Whenever a good TV show goes off the air, people ask the stars and producers why they’re doing it. Why not stay until you’re canceled? Why not stay until you’re two or three seasons past your prime and nobody’s watching you anymore? Why not stay until viewers start asking why you didn’t quit while you were ahead?
I sometimes find myself in the same position of these TV fans when I’m listening to a really good album. One of my favorite albums, Fiona Apple’s When the Pawn…, is comprised of 10 tight tracks that run 42 minutes. I love every moment of the album and always wish for another few tracks as the last note of “I Know” fades. Yet, I know that the album is as long as it needs to be. It’s not about less being more; it’s about the right amount being just that–the right amount. And when those 10 songs are up, I feel like she’s said all that needs to be said.
Upon listening to Here We Go Magic, the self-titled debut of Luke Temple’s Brooklyn-based project, I had a similar experience. It’s not so much that I wanted another song, I just wanted the experience to continue a little longer than its brief 38 minutes.
On Here We Go Magic, Temple dabbles in quiet folk rock, ambient noises, and African percussion-all filtered through the DIY lo-fi indie aesthetic that prevents the album from being a mishmash of genres. The first four tracks are the strongest portion of the album, serving up a nice cross section of Temple’s sound. “Only Pieces”, the catchy opener, asks, “What’s the use in dying if I don’t know when? / What’s the use in trying dying if I don’t know when? / There are only pieces of me / What’s the use in dying if I cannot see?” No, really, laid over some fast picking and hollow percussion, you’d sing along with reckless abandon, too. And after a pleasant four minutes, the track fades away as softly as it arrived.
The next track, “Fangela”, mines the harmonies and cotton vocals of 1970s acoustic rock in a sweet, if not enigmatic, courtship hymn to the titular character. The lite jazz of “Ahab” is almost jarring because you might think for a moment that Temple is about to start desperately jumping from one genre to another, ruining his good thing. Luckily, he grounds the track with his monotonous but fuzzy vocal track. “Ahab” stands as an example of Temple’s desire to create a consistent musical atmosphere because, even though I can’t understand many words in this song, it sounds like an essential component of the LP.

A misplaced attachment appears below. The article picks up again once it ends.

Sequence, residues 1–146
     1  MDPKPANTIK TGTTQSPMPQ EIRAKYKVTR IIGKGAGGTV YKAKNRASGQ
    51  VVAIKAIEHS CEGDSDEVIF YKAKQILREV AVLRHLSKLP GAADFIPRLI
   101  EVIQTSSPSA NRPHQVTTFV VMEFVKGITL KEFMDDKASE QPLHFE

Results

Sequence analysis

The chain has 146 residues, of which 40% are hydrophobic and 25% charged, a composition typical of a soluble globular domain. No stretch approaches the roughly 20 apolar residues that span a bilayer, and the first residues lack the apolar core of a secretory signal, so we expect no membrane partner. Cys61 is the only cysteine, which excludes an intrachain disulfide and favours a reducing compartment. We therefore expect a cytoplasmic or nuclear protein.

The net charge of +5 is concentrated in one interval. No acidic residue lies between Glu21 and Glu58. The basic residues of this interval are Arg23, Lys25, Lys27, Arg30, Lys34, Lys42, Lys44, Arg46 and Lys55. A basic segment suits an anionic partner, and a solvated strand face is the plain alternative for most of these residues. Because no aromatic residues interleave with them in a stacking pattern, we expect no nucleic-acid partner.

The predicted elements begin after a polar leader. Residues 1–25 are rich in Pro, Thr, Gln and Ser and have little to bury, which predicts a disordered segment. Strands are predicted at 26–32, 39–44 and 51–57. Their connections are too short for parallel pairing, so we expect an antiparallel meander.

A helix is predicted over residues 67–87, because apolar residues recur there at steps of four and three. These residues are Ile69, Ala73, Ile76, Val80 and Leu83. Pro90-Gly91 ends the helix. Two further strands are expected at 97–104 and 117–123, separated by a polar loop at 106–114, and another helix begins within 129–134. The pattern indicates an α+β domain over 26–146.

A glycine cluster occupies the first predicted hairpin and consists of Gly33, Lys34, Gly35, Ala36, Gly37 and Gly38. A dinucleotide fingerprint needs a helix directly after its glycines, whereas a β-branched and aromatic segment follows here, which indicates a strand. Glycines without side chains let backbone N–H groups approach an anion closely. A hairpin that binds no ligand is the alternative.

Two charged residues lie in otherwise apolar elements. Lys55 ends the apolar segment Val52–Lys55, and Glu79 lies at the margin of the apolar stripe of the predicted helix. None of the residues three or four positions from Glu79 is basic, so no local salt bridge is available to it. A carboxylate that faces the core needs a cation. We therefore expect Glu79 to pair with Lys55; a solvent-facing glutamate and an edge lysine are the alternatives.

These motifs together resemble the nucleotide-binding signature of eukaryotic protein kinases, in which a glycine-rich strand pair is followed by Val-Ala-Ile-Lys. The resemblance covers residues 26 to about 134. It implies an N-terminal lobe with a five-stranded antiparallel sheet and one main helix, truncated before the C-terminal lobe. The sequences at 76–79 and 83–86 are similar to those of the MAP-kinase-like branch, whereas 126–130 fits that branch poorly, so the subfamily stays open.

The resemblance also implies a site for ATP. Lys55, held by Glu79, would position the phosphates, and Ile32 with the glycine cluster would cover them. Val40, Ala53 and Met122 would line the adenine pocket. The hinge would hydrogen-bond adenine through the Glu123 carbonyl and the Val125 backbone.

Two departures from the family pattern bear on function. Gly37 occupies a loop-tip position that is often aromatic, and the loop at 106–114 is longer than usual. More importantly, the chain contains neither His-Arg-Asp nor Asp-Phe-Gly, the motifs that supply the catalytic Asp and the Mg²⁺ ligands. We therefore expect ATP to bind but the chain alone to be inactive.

The aptly named “Tunnelvision” concludes the album’s stellar opening run of tracks. It’s a repetitive indie rock track that grows more distorted as vocals continue to pile up and the tempo feels more frantic, even if it doesn’t actually change. The song also marks the first time we hear Temple’s voice venture into the higher range, proving he’s not just a droning emo boy.
The second half of the album is still good, but the decision to load it up with more ambient tunes tips the LP too heavily. After a stretch of memorable melodies, the whitewater rapids ramming against tinny crashes in “Ghost List” feel misplaced. The album’s biggest flaw is undoubtedly in its sequencing. The instrumental numbers should be scattered throughout the album because I guarantee you, if this were a vinyl LP, few listeners would ever feel the need to flip to side B. The tracks work, but they get lost amongst each other. Luckily, a little playlist tweaking can solve the problem.
Luckily, “Everything’s Big”, the fatalistic closer, assesses the grand themes of life in with some silly lyrics and lighthearted vocals. You could’ve found yourself doing the box step to this in 1952, if Temple weren’t reminding you, “We stuck around cause nobody wanted to die.” The lyrical allusion to the opening number and the track’s varied musical approach gives the album a tangible closure that’s missing from many albums today.